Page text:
Date of Birth
Collins moved with her family to Denver in her mid-teens. Her early musical background was in classical piano. By age ten, Collins was studying with mentor Antonia Brico, the famed orchestra conductor (and 1986 inductee into the Colorado Women’s Hall of Fame). But the music of the traditional songs of the folk revival inspired Collins to move from playing the Steinway to playing guitar. In 1961, after an appearance in New York, she signed a contract with Elektra Records that would last for 35 years and produce 19 albums. In 1999,Collins started her own independent label, Wildflower Records.
In 1974, Ms. Collins produced and co-directed with Jill Godmilov a prize-winning documentary about Ms. Collins’s mentor, Antonia: A Portrait of the Woman. The film received an Academy Award nomination for Best Documentary and was named one of the top ten films of the year by Time Magazine.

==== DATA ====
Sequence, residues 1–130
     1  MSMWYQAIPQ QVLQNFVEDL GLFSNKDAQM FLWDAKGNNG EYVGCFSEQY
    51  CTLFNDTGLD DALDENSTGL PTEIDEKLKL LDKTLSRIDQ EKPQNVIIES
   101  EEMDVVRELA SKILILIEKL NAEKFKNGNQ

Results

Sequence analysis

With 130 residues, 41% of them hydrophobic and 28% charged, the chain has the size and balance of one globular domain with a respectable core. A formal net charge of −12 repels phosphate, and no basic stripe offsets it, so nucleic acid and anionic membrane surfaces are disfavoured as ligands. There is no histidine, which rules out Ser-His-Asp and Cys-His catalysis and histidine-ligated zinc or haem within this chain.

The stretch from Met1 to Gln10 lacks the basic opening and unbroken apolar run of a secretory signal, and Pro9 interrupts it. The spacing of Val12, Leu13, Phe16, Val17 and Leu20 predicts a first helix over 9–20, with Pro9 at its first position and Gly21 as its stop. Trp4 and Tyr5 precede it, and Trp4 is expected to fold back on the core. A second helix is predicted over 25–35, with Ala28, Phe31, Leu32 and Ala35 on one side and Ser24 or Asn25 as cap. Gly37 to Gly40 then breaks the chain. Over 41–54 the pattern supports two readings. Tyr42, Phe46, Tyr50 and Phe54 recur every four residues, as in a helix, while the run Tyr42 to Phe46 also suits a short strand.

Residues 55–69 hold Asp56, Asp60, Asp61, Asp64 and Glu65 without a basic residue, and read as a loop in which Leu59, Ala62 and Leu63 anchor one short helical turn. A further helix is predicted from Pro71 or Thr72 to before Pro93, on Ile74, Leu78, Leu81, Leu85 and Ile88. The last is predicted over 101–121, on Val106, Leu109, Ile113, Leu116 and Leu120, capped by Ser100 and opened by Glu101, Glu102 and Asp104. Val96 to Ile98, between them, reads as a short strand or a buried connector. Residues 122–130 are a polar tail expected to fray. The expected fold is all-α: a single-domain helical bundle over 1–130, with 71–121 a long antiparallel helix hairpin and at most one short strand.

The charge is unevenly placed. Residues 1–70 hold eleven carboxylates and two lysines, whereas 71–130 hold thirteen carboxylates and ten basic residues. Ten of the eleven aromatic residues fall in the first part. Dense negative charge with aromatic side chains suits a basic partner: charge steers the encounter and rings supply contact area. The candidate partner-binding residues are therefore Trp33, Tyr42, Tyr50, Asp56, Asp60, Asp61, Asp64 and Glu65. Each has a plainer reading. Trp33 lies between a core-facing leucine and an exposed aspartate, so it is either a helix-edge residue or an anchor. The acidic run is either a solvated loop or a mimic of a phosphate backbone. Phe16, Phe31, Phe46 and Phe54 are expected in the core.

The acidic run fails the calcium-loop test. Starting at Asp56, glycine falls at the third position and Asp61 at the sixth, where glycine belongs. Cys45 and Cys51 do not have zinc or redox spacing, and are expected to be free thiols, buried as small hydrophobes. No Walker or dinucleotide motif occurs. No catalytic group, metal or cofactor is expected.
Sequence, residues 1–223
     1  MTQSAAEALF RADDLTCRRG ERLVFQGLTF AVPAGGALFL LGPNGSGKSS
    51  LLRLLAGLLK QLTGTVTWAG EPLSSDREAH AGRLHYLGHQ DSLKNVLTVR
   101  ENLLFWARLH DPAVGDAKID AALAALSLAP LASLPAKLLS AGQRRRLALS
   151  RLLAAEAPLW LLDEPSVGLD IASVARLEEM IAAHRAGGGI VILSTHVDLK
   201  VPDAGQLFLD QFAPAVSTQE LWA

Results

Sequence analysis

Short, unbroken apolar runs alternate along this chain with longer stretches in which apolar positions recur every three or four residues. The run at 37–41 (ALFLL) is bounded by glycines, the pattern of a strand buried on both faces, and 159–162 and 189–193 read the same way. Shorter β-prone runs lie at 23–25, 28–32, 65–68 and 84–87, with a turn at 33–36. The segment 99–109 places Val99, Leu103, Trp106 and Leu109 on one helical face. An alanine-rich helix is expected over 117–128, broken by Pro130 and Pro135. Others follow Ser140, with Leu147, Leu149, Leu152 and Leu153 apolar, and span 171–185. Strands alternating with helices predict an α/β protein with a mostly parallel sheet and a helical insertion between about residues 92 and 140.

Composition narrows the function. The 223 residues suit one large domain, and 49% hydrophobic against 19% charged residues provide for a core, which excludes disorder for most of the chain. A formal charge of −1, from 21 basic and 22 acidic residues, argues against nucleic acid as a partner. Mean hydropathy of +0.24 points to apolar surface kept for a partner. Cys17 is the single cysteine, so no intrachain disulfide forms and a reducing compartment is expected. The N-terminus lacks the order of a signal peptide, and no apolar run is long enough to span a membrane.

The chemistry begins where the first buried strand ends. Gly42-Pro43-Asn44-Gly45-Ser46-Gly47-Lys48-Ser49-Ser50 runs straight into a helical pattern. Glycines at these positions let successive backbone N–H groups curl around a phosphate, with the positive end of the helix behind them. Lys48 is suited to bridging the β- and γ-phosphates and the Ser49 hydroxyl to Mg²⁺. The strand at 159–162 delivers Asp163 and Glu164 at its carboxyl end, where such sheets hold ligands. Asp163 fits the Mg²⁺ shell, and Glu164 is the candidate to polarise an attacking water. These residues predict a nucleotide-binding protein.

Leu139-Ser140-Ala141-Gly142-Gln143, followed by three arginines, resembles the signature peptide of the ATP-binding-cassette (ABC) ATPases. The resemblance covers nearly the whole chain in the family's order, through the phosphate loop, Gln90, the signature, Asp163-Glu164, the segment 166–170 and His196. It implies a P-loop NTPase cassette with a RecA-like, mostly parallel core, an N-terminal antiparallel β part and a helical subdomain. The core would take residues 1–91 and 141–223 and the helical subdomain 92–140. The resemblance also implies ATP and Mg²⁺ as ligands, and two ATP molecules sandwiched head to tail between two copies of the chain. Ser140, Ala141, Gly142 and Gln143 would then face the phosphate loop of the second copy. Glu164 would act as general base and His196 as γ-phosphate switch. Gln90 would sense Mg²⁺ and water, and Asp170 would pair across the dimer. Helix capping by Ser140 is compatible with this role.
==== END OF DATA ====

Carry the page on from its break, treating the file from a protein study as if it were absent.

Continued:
Collins is the author of several books, including Singing Lessons, in which she looks back on her life and career, and Sanity & Grace, a Journey of Suicide, Survival and Strength, which focuses on the death of her only son and the learning process following the tragedy. In her 2005 book “Morning, Noon and Night: Living the Creative Life,” Collins seeks to help people focus on their creativity and increase their productivity and enjoyment in their creative pursuits.
Ms. Collins was named a UNICEF Special Representative for the Arts in 1995. In this capacity, she has made several visits to the former Yugoslavia and Vietnam. She has also worked to eradicate landmines. She has received numerous humanitarian awards for her work with UNICEF and alcohol abuse and suicide prevention programs.
Today, Ms. Collins maintains a rigorous 60 to 80-city concert schedule, while continuing to record and produce music, write books, and work for the causes she espouses, still remaining creative and vibrant as an artist.